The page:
Hi. It’s Chris Hay reporting from Taiwan. I’m usually based in the New Zealand office but right now I’m working with my Greenpeace colleagues in the Taiwan office who are campaigning hard to make tuna fishing sustainable.
Fishing is a way of life for many Taiwanese. You can smell the fish markets from a couple of blocks away in a taxi. It’s like sticking your head into a bait box and, at 4am, without a sustaining coffee, it’s pretty hard work.
Nan Fang Ao is a small fishing village in Taiwan’s north east. It’s beautiful this morning in the mist. The tiny port is centred on a huge, elaborate temple dedicated to the gods of the sea and the abundance it has always provided. The town is similarly dedicated – everyone here is directly or indirectly involved in the coastal fishery.
By 5am the fish markets are truly rocking. Anticipation builds as each of the small coastal longliners tie up. Will there be a prized bluefin on this one? No. The only tuna are yellowfin and they’re small. While they’re manhandled out of the hold, big sharks are lifted by crane onto the dock. They’re gaffed and dragged off to the growing piles of sealife which have the buyers poking over them, making notes, finding the best specimens and lining them up for the auction to follow.
This is how it is in the wee hours of every morning in fishing ports all the way down Taiwan's east coast. Taiwan is surrounded by warm waters and a current that brings tuna up close to the coast, well in reach of the tiny, scrappy looking, longline boats that range out to find them. Fishing and tuna are part of the soul of this place and always have been. But, the weather-lined fishermen with permanent betel nut-stained smiles that are landing their catch on the wharf this morning may well be the last. Every one we talk to says the same thing – coastal fishing for tuna is in its death throes in Taiwan. 'Ten years left' seems to be the consensus of the captains we talk to.
The sad thing is, it probably isn't their fault. But it is partly Taiwan's fault. These small coastal fishermen in their 30-foot boats are the visible side of Taiwan's fishing industry – the cute, photogenic side. But they are the tip of the iceberg.
Most of Taiwan's fishing is done thousands of miles away, in the central Pacific - in big boats, owned by big companies, making big money. The boats, while being owned and operated by Taiwanese, will rarely, if ever, tie up in a Taiwanese port. The fish they catch won’t end up as some exquisite dish in one of Taipei's bustling night markets. Chances are they’ll be landed somewhere in South East Asia, canned in Thailand and end up between two bits of bread in some kid’s lunchbox. Maybe even your kid.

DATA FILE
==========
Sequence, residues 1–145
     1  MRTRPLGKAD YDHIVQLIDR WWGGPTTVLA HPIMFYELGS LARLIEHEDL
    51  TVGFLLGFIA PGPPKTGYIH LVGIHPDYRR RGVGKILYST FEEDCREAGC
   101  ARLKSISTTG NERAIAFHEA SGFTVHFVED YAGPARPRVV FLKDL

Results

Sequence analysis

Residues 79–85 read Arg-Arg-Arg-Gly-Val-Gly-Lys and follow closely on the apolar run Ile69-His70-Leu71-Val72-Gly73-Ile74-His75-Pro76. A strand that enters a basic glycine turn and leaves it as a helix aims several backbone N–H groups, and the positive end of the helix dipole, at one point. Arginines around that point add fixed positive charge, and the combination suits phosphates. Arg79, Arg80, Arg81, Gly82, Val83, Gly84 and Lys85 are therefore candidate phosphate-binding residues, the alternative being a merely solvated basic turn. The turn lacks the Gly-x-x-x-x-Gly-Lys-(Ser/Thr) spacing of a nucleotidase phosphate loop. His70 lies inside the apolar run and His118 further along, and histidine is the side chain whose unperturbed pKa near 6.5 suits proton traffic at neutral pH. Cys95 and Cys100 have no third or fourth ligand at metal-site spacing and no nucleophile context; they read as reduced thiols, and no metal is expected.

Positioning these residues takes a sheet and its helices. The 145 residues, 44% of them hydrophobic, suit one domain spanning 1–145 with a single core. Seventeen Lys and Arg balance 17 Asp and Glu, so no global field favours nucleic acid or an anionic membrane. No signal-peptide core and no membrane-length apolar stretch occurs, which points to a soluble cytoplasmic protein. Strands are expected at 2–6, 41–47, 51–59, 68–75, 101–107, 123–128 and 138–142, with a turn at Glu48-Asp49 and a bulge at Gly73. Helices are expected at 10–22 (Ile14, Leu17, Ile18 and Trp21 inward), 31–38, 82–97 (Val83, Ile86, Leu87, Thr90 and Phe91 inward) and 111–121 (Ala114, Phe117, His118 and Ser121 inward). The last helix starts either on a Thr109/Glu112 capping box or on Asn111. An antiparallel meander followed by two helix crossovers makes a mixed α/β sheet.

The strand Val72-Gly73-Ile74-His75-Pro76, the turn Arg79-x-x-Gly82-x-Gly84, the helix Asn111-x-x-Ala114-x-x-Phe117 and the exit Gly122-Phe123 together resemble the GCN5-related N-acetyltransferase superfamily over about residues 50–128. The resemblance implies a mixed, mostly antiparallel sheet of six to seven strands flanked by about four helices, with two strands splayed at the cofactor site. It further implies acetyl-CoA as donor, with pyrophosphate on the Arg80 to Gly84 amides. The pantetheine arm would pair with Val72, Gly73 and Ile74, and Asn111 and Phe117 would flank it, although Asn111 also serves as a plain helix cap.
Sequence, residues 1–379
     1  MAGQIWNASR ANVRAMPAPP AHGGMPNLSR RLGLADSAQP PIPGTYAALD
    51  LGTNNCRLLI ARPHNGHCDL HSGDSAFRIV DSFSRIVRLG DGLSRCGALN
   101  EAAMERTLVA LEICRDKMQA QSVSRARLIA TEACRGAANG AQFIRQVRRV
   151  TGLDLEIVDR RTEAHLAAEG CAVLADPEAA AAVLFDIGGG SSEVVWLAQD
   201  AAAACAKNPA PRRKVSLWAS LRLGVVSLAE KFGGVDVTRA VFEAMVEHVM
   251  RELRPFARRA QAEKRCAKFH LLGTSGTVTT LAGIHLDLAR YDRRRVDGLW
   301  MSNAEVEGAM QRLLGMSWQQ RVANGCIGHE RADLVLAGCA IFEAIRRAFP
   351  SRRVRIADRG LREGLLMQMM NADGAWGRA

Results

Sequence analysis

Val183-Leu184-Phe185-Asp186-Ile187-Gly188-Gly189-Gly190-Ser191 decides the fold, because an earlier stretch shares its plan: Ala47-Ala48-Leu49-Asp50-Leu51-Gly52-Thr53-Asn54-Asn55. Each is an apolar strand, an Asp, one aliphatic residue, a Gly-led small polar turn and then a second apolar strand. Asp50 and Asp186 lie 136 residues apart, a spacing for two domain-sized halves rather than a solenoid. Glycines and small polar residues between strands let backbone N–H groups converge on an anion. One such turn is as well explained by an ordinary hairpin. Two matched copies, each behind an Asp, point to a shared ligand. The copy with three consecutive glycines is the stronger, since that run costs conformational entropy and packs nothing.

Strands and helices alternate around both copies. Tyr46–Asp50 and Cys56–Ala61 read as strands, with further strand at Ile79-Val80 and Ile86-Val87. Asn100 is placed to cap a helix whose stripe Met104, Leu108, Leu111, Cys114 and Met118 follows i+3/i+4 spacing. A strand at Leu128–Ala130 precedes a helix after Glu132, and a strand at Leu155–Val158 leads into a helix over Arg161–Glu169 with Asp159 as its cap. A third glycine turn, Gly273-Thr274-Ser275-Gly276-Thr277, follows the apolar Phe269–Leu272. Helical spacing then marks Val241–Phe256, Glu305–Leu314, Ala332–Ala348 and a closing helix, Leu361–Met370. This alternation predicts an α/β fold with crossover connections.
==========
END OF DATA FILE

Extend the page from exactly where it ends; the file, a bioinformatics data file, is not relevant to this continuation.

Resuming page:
There are a lot of Taiwanese boats out there on the high seas. They seem to be so poorly managed that no-one is even very sure how many there are – including the Taiwanese Government. A Greenpeace audit puts the number of Taiwanese distant water fishing boats at well over 2000. And those are the recognised ones. Add to them the flag of convenience boats that are owned or operated by Taiwan, but hide behind other countries’ flags, and the number is closer to 3000.
Here’s the problem. We are fast running out of tuna. Fleets like Taiwan's are just too big. Compounding the overfishing problem they’re using fish aggregating devices which mean that as well as the skipjack tuna being targeted, they’re also catching juvenile yellowfin and bigeye - driving these species to near commercial extinction in some places - to say nothing of the turtles and sharks and other bycatch. They’re also cheating. They regularly steal tuna from the territorial waters of small Pacific Islands transferring their catches at sea so no one can be really sure how much they have caught or from where. This happens regularly, and it’s bad!
Of course, Taiwan isn't the only country to blame. But, it is important in the international fight to ensure that the tuna fishing in the Pacific is done in a way that is fair on those that live there, and ensures that the guys I talked to in Nan Fang Au can pass their craft down to their children – like their fathers did for them. That’s why Greenpeace is here in Taiwan. We are setting up for a scrap to try and get Taiwan's representatives at the WCPFC meeting in December to support the conservation measures that are being put forward by some of the Pacific Island nations – starting with closing the high seas pockets to fishing.
It should be interesting. I'll keep you posted.